When I was first starting out as a graduate student in history, I was deeply suspicious of numbers. Give me real people, I said, not statistics. Meaningful stories, not graphs. Feelings, not pie-charts.
You get the picture.
Like many of my deepest convictions about research, this one was knocked out of me by that productive process of always doubting absolutely everything you think you know (in short-hand: being a graduate student). I came to realise that numbers really do matter, and I realised in the way that only people with strong, foundless convictions can: epiphany. It matters a great deal whether we are talking about 1% of the population or 10%, whether people scraped by on just enough, or the shape the financial crises took.
That’s right, the economic historians got to me.
I also came to realize that doing numbers well is actually really, really hard. I’ve seen a graduate student who works on economic and social history present a graph that pretty much adds up (as I understand it) to three years’ work, the findings of her thesis. It’s a visual representation of a huge data entry endeavour, itself dependent on specialised archival work. And it’s amazing. The numbers can tell us something concrete about the issue she’s looking at (I’ll leave aside the new doubt my numbers fetish breeds: isn’t it deceptively concrete?).
So I did my bit of dabbling with numbers in my own research, which I thought was pretty brave, considering my research is into folk traditions, stories about werewolves and witches, tales about youngest sons, and bawdy love songs and lullabies. I wear those numbers like a badge of pride: 759 individual folklore informants, whose births, marriages, deaths, conscription records, marriage contracts, and employment records I hunted. Graphs of dates of birth, gender, occupation.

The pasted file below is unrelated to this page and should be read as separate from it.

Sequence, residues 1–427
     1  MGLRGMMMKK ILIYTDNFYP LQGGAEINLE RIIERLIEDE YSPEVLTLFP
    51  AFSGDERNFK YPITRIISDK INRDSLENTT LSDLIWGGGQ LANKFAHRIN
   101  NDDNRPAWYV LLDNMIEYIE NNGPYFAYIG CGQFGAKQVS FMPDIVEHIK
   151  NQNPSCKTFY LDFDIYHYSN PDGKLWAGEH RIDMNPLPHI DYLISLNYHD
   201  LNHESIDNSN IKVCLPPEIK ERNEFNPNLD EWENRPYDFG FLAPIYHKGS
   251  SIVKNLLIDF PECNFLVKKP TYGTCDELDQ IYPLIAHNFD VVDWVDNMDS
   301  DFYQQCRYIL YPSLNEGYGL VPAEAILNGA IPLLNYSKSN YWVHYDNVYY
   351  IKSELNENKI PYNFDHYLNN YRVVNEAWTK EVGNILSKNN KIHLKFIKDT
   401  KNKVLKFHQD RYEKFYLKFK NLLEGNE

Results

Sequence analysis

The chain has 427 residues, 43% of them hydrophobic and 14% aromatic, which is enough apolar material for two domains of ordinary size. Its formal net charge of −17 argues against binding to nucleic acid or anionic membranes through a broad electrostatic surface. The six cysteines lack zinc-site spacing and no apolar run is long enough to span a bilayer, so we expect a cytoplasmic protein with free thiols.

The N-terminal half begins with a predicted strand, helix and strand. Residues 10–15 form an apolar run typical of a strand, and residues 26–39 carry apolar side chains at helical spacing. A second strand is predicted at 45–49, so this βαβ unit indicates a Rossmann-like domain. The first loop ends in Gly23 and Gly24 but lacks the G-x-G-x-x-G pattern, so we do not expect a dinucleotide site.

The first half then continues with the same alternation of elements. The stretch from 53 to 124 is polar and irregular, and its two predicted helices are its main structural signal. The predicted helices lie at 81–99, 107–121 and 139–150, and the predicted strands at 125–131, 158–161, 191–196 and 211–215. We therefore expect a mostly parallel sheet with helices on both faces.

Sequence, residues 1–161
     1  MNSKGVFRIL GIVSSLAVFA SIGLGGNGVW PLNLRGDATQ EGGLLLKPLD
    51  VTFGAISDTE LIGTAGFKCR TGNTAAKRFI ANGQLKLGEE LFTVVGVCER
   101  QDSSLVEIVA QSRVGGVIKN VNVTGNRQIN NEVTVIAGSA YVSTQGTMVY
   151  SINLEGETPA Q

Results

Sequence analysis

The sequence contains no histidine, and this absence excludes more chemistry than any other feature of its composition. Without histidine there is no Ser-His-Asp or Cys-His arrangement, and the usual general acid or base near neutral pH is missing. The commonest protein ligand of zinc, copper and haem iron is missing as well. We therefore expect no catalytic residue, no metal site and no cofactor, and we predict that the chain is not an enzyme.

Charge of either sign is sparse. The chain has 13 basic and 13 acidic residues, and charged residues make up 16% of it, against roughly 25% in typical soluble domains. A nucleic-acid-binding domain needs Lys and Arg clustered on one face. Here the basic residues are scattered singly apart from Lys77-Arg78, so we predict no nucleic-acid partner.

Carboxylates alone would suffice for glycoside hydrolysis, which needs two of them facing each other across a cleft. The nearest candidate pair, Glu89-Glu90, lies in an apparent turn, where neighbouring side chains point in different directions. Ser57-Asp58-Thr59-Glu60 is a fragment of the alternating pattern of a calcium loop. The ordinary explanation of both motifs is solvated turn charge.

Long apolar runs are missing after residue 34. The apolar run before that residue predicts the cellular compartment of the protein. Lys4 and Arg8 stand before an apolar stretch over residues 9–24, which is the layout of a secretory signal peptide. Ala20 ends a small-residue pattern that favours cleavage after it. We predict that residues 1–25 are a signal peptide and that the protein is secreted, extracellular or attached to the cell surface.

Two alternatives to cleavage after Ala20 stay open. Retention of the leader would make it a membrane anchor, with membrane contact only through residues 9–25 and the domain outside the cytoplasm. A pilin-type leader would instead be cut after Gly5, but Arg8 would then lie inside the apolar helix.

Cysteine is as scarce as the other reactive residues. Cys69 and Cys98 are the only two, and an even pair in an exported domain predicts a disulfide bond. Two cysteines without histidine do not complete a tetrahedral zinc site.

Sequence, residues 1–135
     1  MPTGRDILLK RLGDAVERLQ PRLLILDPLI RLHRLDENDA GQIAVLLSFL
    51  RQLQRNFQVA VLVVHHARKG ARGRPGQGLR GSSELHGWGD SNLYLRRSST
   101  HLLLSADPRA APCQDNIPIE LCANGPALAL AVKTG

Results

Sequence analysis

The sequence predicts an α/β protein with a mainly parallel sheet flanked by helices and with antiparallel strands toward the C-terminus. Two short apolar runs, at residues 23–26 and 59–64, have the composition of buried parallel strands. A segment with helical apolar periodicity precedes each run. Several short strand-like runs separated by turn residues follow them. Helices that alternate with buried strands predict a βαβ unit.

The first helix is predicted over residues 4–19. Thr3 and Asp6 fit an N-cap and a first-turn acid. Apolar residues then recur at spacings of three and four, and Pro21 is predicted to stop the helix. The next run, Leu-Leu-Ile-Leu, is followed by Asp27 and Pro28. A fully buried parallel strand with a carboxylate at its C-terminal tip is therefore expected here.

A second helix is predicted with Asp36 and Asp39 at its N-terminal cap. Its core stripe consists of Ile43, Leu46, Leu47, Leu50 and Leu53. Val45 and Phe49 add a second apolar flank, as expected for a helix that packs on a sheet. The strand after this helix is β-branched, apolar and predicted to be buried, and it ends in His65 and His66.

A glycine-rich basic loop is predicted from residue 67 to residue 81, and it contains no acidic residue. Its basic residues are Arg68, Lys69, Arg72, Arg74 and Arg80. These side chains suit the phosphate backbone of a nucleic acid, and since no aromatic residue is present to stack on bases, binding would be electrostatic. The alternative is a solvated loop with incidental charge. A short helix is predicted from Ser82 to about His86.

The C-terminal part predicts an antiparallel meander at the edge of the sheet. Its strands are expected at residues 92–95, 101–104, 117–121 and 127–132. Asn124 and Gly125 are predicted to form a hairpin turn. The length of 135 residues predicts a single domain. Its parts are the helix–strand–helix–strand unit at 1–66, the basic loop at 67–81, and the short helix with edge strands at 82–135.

But these last few days I’ve been confronted with a different set of numbers, the secret numbers that will never appear in my doctorate, nor in anything I publish. There is the most basic one: the word count. No monograph lists the word count at the beginning (though sometimes I wish they did), and might it be fair to say that no doctoral thesis accurately represents its own word count? (To be discussed…) Right now, however, that number seems like one of the most important numbers from my research. I have a whole draft of the final thesis open in my word processor, ready to do a bit of chopping. The maximum permitted length at my university is 100,000 words, and here I am facing 104,886. I’m actually pretty pleased with that, seeing as I once cut 40,000 words down to 15,000 for my master’s thesis, then trimmed another 7,000 out of that to make it into an article. Getting rid of 4,886 words will probably just be a matter of taking out all the outrageous adverbs, a few footnotes to comparative examples from twentieth-century Polynesia and ancient Rome, and maybe pruning some of my most flowery descriptive passages.
But this almost-final word-count for my doctorate also got me thinking about the other numbers hidden behind the final piece, numbers I’ll never use in publications, numbers that are, instead, perfect for this venue. I apologise in advance: these are totally my boasting numbers. But then if you can’t boast on your blog (especially the same day you receive yet another job rejection) where can you?